Wednesday, 6 January 2010

Baby Proof - Emily Giffin

Baby Proof is the story of Claudia and Ben, a couple who meet on the most perfect blind date. One of the attractions for Claudia is the fact that Ben does not want children - she has known since childhood that she does not want to have children, and therefore feels that it is meant to be. After a blissful few years of marriage, Ben confesses to wanting children. After discovering that they have no ability to compromise on this matter, Claudia issues an ultimatum of 'having children or having me'. Ben chooses the former.

Against the backdrop of this main storyline, we also meet Jess, Claudia's best friend, and Maura and Daphne, her two sisters. In each case Giffin deals sensitively with different aspects of children. The couple that desperately want children but find they're infertile. The couple who are staying together for the sake of their children. And the person who wonders about having a child in order to force a married man to make a commitment to her. I really enjoyed all of the background stories, and felt that these secondary characters were actually drawn more realistically than the two main characters.

My main complaint is that we actually see very little of Ben. Because the story is told from a first person perspective, during the split we stay very much with Claudia. We also cannot see Ben's thoughts, which means his extreme turnaround from wanting no children to suddenly wanting a family cannot be deciphered (although I guess we are then very much in Claudia's position!) Did he want children to start with and merely lied? Did it come along gradually? Was it seeing his best friend's become parents that convinced him he was ready? Because Ben was so one-dimensional it was hard to care about the fairytale ending.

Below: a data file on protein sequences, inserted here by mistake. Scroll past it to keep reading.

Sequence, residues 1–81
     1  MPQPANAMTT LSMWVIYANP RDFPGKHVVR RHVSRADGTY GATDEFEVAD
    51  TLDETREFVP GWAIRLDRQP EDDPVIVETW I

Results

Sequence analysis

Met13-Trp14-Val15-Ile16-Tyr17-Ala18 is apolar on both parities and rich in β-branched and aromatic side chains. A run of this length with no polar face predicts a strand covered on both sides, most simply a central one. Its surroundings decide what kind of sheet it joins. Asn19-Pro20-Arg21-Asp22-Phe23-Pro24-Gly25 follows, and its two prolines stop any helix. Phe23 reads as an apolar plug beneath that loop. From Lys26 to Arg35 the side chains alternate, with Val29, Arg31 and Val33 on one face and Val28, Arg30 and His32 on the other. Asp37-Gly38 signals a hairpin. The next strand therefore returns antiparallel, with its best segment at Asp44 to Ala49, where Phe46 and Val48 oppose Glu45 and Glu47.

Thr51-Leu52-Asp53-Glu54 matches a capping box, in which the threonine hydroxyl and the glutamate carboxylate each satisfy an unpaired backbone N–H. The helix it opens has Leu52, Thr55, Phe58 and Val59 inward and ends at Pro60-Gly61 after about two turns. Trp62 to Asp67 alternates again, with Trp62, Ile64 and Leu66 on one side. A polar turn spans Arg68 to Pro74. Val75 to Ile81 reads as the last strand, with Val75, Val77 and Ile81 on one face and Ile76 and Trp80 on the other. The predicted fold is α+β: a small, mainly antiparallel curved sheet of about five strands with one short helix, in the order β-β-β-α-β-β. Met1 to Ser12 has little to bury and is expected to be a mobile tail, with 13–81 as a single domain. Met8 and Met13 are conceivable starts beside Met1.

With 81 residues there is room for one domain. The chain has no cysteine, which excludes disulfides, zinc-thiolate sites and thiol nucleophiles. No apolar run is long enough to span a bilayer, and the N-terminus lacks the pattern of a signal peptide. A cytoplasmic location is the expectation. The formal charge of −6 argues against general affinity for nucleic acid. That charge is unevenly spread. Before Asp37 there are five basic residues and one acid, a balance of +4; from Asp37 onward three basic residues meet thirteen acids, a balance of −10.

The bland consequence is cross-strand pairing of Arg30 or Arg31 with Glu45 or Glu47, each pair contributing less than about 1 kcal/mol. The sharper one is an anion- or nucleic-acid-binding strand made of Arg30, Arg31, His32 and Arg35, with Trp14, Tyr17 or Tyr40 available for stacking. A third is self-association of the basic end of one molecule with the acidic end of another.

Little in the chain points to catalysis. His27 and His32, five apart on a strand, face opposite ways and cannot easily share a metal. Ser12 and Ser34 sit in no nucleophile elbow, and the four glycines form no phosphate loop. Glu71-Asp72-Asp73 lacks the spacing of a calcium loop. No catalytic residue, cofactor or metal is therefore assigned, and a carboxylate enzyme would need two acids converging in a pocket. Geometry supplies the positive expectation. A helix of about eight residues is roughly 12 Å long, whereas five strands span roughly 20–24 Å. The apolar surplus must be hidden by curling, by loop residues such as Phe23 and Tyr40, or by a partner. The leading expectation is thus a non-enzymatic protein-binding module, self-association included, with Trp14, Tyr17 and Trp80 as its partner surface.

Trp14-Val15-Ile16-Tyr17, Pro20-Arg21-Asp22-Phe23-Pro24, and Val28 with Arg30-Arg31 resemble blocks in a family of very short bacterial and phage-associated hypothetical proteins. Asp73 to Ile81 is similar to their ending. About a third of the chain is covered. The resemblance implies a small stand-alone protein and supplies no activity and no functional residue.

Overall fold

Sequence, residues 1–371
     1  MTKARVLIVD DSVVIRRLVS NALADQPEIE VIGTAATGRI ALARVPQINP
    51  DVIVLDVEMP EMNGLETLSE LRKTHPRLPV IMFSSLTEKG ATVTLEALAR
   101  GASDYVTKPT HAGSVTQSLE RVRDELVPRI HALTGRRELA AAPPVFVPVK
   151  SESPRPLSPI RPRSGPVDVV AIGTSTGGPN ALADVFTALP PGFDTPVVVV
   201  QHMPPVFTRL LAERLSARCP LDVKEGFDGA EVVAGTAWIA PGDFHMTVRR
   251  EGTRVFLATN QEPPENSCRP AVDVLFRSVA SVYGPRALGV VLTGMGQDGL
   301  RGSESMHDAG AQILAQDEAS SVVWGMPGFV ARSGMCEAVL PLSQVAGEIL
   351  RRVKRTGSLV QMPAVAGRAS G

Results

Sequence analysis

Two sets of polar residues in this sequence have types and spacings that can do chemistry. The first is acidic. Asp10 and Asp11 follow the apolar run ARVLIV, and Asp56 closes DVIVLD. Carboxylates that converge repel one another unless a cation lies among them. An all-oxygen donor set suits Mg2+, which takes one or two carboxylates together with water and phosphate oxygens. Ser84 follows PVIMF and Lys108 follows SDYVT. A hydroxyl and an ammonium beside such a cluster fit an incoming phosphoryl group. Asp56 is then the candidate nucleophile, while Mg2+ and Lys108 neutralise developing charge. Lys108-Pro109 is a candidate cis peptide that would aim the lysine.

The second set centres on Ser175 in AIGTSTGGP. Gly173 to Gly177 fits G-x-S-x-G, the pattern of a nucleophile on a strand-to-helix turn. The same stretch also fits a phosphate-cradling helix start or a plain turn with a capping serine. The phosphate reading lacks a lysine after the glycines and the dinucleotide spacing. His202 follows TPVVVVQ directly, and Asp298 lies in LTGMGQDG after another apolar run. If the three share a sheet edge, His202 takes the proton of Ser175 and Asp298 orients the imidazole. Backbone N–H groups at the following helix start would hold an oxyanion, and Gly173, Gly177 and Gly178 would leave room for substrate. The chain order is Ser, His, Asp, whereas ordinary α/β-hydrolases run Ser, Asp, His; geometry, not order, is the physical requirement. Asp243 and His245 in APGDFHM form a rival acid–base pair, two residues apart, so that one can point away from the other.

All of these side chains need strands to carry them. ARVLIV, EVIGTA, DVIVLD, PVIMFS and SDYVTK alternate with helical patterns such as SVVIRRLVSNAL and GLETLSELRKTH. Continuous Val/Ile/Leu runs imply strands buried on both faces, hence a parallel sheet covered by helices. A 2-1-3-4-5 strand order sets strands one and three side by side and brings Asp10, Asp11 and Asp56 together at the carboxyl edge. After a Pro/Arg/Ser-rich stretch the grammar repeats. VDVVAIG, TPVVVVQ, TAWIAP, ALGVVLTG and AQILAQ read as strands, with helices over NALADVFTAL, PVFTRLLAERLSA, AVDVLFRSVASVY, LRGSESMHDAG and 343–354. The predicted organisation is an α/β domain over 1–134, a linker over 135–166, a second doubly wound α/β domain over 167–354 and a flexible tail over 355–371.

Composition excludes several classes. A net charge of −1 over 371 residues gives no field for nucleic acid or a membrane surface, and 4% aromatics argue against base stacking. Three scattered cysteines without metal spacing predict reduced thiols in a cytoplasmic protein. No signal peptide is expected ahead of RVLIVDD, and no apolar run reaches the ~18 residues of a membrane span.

And it was very much a fairytale ending! Not only do Ben and Claudia realise that they belong together, but Claudia believes that she will do anything to keep Ben - including having a child. This is not a complete turnaround, since she still isn't sure she wants a child, but she is most certainly compromising - something that she stated she could never do.

So, altogether more disappointing fare from the person who brought us two such excellent books as Something Borrowed and Something Blue.

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